- Physical: Certain behaviors displayed at the scene can provide information relating to specific physical characteristics. Complexion and appearance, for example, can be inferred from the interaction with the victim. A struggle with a victim and how they are subsequently manhandled can reveal particular physical strength.
- Psychological: Some behaviors reflect specific psychological and/or emotional traits. For example, an analysis of the injuries caused in a victim may suggest their degree of anger, rage, sadism, impulsiveness, mental imbalance, etc.
- Knowledge / skills: Certain behaviors deployed by the criminal can serve to infer the depth of knowledge they have about different subjects and their learning ability. For example, we can deduce whether a criminal is acquainted with a geographical area or whether they have any prior knowledge about the victim and their routines.
- Educational aspects: The offender’s use of certain instruments or techniques can show that they are familiar with a specific subject or discipline. For example, the sabotage of an alarm and video surveillance system when committing a burglary may show us that they have some training in electronics and in security systems.
- Criminal experience: MO behaviors that show great skill or perfection when it comes to troubleshooting or executing a crime may indicate that this offender is not new to the game and has previous experience. Robbing a jeweler’s taking into account the alarm system response times and identifying the most valuable items may suggest that the thief is experienced in this type of robbery.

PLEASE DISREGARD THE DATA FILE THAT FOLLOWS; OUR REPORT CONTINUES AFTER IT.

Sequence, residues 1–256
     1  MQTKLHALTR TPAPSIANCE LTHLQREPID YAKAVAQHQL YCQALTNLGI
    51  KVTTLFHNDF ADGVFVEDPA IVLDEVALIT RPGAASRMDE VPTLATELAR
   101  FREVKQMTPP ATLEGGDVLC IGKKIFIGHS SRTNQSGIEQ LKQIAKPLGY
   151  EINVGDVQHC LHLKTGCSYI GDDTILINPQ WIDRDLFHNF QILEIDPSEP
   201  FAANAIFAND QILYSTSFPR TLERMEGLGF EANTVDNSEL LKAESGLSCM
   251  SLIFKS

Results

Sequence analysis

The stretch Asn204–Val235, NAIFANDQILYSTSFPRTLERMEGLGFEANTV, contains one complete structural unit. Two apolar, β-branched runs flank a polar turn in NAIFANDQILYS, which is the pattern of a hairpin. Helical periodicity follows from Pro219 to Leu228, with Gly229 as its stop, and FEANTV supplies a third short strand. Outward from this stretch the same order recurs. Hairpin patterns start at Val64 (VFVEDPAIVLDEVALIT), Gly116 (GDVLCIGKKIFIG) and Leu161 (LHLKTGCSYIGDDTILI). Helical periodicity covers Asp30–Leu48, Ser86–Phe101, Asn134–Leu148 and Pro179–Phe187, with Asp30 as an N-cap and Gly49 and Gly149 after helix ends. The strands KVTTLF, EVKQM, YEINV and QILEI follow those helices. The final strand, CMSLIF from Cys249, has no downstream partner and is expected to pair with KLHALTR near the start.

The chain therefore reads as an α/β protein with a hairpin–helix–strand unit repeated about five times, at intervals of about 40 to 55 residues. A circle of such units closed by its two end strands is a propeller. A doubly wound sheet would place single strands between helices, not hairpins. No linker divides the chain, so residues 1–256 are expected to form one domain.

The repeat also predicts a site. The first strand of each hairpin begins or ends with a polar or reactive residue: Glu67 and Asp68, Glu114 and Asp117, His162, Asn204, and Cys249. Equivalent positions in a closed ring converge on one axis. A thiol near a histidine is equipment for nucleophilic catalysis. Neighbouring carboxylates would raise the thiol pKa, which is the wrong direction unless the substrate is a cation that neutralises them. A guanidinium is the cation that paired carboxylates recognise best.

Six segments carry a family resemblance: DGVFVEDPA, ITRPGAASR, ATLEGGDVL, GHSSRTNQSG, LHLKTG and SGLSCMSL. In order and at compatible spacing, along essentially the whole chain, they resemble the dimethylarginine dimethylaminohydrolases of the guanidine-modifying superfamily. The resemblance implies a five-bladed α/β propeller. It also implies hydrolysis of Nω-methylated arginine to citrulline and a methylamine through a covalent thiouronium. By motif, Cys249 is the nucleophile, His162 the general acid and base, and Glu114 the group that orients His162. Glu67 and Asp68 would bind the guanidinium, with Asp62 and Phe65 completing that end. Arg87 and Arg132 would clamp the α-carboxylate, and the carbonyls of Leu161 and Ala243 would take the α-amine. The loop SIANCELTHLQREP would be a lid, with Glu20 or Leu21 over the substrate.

- Forensic awareness: This is related, to some extent, to the above and refers to the offender’s knowledge of criminal investigation techniques and which enable them to erase their trail or tamper with the crime scene in order to lead investigators up the garden path. This awareness is sometimes acquired gradually through the criminal experience itself and, on occasions, after having been arrested or having done time. Nowadays a lot of this forensic awareness can be enhanced by looking for information online and even by watching TV series. One example of this forensic awareness could be an offender who switches off their mobile phone and takes the battery out because they know the signal it emits can help track them.